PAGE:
In the end, though, despite a lot of research to learn to balance things, the peppers completely took over. I read that it was a good idea to remove the seeds. I know that most of the heat comes from the seeds, so this seemed like an obvious thing to do. Beyond that, I also read that by cooking the peppers and removing the skins, you could minimize vegetal or grassy flavors and get pure pepper. I cut open one ounce each of habanero and cayenne (finger) peppers, removed the seeds and then grilled them. Once they had cooled, I peeled off the skin and added them to the fermenter along with an ounce of Chinook hops.IMG_20130516_181020

I decided on this blend of peppers by buying one of each of the hot peppers I could find at the grocery store and putting slices into small glasses of another IPA I had recently brewed. The habanero was my favorite but the finger peppers had a very unique zing and I decided that mixing them was the best option. I still think if you’re going to do this type of beer, this is a good mix. Habanero seems to be the go to for a lot of brewers with jalapeño being another favorite. Personally, I’m not crazy about jalapeño peppers on their own. Mixed with a lot of other flavors on nachos or in other dishes they work well, but I don’t think they stand up as the main flavor component.

None of this seemed to make much difference in my beer, though. It is pure heat. There may be a subtle hint of smoke in there somewhere but there are no hops evident and the peppers themselves are unidentifiable behind the wall of fire. I had hoped that the heat would mellow with time, so I saved quite a bit of this beer, but that does not seem to be what’s happened. I haven’t had one in a couple months, but at last tasting it was as hot as ever. I will give it another try tomorrow, though, so come back for those tasting notes.IMG_20130629_152429

I have heard more from different people about ways to incorporate peppers into your beer without having them overpower it, but I can’t speak from experience. I can say that I’ve had some stouts and other dark beers with chili peppers since making this that I’ve enjoyed a lot more. I still think the smoked malt is a good idea, but the roasted dark malt character adds a great balance that my hops couldn’t hack. I haven’t given up on trying another chili beer at some point, but there are a lot of other things that I’m more eager to jump into first.SpicyOldManLabel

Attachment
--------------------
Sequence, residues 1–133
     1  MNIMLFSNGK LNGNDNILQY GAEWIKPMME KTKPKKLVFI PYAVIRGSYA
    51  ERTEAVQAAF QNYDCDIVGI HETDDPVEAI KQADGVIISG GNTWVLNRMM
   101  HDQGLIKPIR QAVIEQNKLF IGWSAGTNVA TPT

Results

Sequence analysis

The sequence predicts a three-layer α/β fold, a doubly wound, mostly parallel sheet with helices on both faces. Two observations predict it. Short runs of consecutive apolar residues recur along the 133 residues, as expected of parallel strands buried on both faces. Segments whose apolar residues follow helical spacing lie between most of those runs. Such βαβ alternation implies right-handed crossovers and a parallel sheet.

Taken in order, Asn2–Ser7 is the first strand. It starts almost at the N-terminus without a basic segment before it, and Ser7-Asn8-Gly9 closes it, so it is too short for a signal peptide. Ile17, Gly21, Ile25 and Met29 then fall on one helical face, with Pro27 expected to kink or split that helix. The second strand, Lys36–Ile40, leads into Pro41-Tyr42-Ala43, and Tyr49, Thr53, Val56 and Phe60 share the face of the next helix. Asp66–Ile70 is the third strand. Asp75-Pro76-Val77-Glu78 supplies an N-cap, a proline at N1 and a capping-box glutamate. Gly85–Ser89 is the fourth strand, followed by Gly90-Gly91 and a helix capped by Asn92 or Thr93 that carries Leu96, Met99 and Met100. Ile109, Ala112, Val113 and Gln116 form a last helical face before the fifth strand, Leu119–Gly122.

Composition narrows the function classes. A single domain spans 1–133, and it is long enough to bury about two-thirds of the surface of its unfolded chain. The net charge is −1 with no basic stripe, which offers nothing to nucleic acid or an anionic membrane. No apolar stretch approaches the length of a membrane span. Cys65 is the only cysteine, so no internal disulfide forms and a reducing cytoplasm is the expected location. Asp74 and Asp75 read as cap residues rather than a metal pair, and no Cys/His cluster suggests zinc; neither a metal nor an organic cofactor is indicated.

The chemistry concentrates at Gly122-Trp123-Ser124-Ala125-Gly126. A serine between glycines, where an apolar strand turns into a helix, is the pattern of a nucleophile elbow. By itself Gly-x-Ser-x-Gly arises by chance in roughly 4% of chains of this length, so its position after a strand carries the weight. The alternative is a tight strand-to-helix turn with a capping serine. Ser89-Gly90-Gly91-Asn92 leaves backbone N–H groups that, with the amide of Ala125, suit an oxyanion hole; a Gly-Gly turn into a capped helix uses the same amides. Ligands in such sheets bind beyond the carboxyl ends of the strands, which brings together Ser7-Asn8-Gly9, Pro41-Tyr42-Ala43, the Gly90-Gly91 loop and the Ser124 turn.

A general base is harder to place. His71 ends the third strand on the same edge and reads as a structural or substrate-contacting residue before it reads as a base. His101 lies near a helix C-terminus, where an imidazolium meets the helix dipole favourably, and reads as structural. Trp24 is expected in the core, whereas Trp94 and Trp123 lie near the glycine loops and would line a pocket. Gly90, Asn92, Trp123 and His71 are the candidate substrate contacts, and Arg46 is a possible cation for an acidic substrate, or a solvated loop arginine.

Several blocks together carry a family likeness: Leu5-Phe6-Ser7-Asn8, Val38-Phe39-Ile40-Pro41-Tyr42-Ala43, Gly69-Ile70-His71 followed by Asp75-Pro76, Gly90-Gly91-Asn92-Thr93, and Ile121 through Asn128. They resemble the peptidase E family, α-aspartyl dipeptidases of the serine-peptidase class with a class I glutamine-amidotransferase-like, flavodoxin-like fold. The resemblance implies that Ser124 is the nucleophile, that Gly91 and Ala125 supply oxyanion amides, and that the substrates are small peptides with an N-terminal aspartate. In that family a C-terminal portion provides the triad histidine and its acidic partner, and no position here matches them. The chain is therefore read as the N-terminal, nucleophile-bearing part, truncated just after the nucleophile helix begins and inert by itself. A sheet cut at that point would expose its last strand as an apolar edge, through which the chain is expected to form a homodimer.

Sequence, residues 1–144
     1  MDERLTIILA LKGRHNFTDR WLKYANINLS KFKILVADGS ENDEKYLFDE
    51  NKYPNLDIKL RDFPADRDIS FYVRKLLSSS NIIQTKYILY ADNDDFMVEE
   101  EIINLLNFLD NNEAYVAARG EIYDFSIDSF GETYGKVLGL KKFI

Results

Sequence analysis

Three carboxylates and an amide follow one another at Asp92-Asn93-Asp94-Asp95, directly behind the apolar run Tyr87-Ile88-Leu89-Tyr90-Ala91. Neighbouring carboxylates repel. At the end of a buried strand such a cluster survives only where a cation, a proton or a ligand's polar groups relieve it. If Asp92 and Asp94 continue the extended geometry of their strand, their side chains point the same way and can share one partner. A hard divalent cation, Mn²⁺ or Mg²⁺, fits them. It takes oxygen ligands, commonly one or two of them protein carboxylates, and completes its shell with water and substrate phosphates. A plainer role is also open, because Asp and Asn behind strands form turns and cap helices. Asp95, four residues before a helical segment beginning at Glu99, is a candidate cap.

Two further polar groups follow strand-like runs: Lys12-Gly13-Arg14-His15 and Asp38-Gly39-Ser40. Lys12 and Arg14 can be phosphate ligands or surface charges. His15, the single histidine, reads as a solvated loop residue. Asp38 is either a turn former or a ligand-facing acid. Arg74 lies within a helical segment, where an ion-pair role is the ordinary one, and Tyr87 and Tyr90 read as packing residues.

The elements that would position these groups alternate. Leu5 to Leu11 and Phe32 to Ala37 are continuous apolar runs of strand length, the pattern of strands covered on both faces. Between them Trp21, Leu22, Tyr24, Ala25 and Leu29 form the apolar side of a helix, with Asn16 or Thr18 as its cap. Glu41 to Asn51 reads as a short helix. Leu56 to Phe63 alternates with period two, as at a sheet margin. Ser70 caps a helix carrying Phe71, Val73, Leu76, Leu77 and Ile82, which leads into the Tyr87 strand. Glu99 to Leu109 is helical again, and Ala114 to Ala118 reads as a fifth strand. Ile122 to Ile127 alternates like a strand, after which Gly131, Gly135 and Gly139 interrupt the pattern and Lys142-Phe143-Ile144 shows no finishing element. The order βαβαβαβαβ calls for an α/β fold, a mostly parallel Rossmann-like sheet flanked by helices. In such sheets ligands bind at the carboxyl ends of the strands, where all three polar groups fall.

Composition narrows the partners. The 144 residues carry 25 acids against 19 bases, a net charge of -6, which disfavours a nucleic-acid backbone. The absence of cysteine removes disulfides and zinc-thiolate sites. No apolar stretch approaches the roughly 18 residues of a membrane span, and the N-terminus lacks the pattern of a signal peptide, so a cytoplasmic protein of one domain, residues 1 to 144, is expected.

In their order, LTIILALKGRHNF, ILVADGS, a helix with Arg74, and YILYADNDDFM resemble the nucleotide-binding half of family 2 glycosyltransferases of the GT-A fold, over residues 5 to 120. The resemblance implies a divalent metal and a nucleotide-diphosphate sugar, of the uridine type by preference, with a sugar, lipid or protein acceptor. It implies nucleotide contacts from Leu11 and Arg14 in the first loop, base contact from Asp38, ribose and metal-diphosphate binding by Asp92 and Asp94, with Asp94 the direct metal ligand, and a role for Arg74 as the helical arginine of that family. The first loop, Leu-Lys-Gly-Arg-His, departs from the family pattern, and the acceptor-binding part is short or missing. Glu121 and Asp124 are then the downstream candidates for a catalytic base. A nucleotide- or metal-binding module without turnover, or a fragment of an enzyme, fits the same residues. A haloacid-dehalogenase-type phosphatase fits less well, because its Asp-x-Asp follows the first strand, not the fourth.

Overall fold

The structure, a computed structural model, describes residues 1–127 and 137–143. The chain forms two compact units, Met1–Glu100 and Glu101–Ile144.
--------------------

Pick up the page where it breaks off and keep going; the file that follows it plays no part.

Spicy Old Man
(FOUR gallon batch)
Style: American IPA with Chili Peppers
Brew Date: May 14, 2013
Serve Date: June, 2013
ABV: 7.3%
IBUs: 70 IBUs

Fermentables:
2 lb Smoked Malt
5 lb Pale Malt
3 lb Light DME

Hops:
1 oz Chinook @60 min
1 oz Chinook @10 min
1 oz Chinook @ 2 min
1 oz Chinook Dry Hop

Other:
Habanero and Cayenne Peppers prepared as described above and added with dry hops

Yeast:
Nottingham Dry Ale Yeast

Bitter Old Man Tasting Notes

Original Post: Bitter Old Man
Style: 14C. Imperial IPA
Brew Date: May, 2012
Tasting Date: June 24, 2014
ABV: 8.8%
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The first thing I notice is that this bottle is full almost to the brim. I’m immediately afraid of what is going to happen when I pop the cap. Homebrew this old tends to be over carbonated in my experience, being so full seems like an invitation for trouble. Opening it… nope. Perfect carbonation. It pours with a nice, bright white head. It is not as clear as I’d expect from a beer this old, but the color is very nice. It is tan and orange and pretty.

The aroma is immediately memorable. I loved this beer. I remember it having a nice Amarillo hop aroma along with a complex array of malts. The hops are gone but those malts have stood the test of time. Taking a sip, the malt promised in the nose is delivered with a bit of the notorious old homebrew cardboard character. The cardboard comes in late and definitely takes away from the beer, but when it first hits my tongue, it is very nice.

There is, of course, no trace of the hops. I expected the subtle flavor and aroma to be gone, but I remember this beer having a nice bitterness, too and there is none of that. This is all malt and age. I guess it is balanced okay, but I don’t specifically detect bitterness.

I keep mentioning the malt complexity, I guess I need to try to explain it, though I don’t know that I can do it justice. It starts biscuity and then gets a sourdough character and transitions into some general graininess. Victory and Biscuit Malts are often compared and said to be so close as to be interchangeable but I really think including them both here lends some indescribable complexity that could not be achieved otherwise.

Both malts are said to be “biscuit” accented, but they are subtly different and combining them adds something that is really unique and I think it is the hallmark of this beer. And while it probably shouldn’t be aged for two plus years, I love this beer.

It is a time capsule that takes me back to an exciting time. I won’t go into the details of the Summer of 2012, but this beer brings them to the front of my mind and I am very grateful for this glimpse into my own past.

I’m not finished with the beer, but I don’t want to rush it. I’m going to break my own rules and cut off my tasting notes here so that I can enjoy the last few ounces and, in the immortal words of Charlie Papazian, “Relax, don’t worry, have a homebrew.”